New Mardi Gras will employ a creative director, rewrite its parade entry requirements and revive its workshops as part of its commitment to breathe new life into the gay pride parade.
MC Julie McCrossin told the packed It’s Your Parade forum at Paddington RSL that the consultation had received 98 formal submissions, 156 Facebook posts and a video submission, authored by a mix of Mardi Gras members and members of the wider GLBTI community.
“[What] came out of the consultation were a whole lot of views on artistic standards, a whole lot of views on who should be in the parade and who the parade is for, and stuff about funding and sponsorship,” McCrossin said.
Newly appointed parade associate producer Victor Petrov said a creative director would be employed from this year to help thread the parade together, while greater resources would go towards revitalising the workshops so community members could network and share skills.
New Mardi Gras CEO Michael Rolik told the room Petrov’s appointment nine months out from the 2011 parade was part of a long-term strategy to start planning earlier so a better result could be achieved.
Conversations around who should be in the parade dealt with both standards of entry and political relevance. Of those who took part in the consultation nearly two thirds wanted entries to be more GLBTI rights focused, while only 34 percent wanted non-GLBTI issue groups included.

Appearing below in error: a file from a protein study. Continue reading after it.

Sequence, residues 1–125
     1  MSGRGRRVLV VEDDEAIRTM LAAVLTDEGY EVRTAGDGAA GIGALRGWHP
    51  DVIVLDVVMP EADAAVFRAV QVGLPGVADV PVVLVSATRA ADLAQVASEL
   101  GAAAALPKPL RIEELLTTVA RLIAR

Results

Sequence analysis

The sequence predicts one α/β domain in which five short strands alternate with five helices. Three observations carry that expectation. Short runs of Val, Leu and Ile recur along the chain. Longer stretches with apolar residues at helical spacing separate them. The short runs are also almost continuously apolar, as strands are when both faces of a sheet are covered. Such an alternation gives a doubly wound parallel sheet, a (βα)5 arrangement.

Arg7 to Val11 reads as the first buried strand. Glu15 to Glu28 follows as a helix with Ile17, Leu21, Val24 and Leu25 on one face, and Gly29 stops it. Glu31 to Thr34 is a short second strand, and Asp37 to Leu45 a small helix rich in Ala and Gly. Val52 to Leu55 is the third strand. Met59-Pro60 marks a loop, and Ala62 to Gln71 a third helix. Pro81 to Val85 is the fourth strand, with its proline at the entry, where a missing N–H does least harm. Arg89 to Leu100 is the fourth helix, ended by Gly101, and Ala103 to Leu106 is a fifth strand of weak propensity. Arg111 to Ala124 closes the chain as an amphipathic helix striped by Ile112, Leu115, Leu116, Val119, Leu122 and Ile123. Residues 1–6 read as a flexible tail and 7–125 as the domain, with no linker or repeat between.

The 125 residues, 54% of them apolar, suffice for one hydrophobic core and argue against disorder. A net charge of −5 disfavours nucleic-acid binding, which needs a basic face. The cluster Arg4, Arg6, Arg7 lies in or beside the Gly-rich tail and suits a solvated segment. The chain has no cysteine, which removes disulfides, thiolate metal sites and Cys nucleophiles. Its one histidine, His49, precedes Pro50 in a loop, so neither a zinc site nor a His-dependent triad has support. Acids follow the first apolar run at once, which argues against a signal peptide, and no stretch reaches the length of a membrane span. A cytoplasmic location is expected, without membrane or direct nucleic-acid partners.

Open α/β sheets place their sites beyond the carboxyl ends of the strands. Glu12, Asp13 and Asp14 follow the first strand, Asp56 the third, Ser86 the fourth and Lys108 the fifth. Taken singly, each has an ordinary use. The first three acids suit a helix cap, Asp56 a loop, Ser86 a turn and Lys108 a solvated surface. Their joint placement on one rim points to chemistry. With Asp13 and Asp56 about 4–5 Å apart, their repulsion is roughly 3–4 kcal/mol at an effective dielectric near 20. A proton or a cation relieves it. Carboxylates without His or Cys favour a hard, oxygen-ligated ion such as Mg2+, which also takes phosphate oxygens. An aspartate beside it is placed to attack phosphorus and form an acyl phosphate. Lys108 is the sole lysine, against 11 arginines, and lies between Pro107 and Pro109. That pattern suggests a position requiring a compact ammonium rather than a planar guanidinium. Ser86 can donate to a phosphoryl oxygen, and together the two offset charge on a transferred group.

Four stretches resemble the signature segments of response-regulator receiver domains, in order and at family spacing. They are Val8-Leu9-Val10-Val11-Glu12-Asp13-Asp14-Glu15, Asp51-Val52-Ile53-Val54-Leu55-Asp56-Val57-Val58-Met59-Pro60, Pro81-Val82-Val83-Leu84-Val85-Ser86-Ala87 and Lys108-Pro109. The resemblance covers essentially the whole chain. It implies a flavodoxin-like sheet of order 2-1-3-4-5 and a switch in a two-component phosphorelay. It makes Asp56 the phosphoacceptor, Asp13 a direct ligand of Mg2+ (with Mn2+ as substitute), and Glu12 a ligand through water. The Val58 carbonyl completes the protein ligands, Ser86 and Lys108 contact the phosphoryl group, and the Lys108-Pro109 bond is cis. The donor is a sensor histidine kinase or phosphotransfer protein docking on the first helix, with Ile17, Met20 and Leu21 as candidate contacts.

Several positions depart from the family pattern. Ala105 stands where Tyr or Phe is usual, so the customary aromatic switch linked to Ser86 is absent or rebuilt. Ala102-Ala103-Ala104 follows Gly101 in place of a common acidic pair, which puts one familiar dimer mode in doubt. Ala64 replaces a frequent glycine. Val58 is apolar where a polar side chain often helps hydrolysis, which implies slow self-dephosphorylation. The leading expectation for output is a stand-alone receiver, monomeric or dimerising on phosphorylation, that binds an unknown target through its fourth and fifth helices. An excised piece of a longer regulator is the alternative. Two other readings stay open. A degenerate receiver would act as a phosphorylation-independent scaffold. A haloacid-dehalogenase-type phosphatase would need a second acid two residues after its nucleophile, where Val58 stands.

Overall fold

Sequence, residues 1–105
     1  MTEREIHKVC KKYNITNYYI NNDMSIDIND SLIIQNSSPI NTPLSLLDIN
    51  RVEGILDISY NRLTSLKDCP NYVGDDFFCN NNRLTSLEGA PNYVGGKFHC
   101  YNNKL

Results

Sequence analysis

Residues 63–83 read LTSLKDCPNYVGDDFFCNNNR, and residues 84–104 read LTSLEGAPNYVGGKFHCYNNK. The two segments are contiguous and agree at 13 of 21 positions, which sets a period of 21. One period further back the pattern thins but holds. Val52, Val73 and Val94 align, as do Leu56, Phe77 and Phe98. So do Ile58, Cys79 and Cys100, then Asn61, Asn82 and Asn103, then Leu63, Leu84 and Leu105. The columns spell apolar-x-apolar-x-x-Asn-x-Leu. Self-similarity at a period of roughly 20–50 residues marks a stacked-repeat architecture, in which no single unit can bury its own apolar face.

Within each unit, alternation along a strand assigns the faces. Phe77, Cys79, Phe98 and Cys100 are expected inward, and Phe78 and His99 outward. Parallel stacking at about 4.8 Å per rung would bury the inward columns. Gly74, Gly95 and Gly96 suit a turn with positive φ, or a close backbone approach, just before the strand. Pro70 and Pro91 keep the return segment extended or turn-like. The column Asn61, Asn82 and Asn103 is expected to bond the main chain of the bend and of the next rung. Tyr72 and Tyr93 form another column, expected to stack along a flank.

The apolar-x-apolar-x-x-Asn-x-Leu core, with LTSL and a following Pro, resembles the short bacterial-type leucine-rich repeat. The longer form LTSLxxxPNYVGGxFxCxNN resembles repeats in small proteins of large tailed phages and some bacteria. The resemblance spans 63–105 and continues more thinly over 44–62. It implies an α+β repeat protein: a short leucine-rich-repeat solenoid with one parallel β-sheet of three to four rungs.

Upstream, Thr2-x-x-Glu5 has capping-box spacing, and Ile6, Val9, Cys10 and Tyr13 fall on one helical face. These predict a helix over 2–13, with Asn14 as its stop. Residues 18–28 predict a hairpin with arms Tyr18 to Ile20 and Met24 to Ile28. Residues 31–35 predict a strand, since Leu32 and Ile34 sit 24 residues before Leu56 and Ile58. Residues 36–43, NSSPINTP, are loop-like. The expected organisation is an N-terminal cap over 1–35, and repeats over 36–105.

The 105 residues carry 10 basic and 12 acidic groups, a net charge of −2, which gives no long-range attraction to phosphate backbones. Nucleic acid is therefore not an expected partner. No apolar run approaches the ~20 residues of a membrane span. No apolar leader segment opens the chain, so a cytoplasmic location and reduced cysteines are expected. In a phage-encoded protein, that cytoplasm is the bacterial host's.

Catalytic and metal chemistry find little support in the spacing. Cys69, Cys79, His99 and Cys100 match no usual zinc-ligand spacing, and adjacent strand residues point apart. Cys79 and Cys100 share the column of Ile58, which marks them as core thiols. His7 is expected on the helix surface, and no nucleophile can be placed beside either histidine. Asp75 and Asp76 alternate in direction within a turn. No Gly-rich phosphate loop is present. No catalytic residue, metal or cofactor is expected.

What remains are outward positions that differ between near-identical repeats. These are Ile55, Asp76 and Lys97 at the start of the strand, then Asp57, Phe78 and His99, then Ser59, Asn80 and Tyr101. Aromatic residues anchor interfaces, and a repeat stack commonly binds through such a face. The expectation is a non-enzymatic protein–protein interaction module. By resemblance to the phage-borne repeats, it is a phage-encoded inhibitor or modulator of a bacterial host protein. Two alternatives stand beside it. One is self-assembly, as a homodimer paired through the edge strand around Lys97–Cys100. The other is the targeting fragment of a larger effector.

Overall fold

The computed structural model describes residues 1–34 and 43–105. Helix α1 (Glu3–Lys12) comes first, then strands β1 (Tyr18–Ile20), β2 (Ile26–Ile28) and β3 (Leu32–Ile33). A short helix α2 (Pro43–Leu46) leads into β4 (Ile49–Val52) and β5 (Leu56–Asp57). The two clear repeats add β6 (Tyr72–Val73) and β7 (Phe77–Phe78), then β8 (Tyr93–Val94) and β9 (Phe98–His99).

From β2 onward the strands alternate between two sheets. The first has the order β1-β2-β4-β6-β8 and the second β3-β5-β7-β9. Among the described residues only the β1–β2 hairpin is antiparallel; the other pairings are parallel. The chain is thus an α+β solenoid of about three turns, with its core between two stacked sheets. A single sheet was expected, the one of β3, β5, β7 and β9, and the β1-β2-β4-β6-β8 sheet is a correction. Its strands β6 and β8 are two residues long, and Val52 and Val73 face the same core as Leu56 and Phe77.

New Mardi Gras has committed to a rewrite of the parade’s entry criteria to make these more understandable and will design a new entry form.
New Mardi Gras will also improve its communication to float entries in terms of being accepted or rejected from the event.
A principal who organised a 2008 entry spotlighting GLBTI youth suicide, which was to contain a symbolic effigy of a student who had hung themselves, spoke of the disappointment of being told just days out from the parade the entry would require significant modifications.
New Mardi Gras’ Danielle Harvey said concerns a depiction of suicide could play an instructive role for at-risk persons had been raised late in the process and the organisation regretted the late notice.
Another audience member asked why entries featuring full nudity were excluded.
New Mardi Gras co-chair Steph Sands explained this was against the law and that City of Sydney had only given permission for this year’s Spencer Tunick photography event because it was held at 5am when few people were around.
New Mardi Gras also committed to funding additional port-a-loos at the parade starting area in 2011.
info: A full list of the ideas that Mardi Gras will implement or investigate further will be published on the New Mardi Gras website – www.mardigras.org.au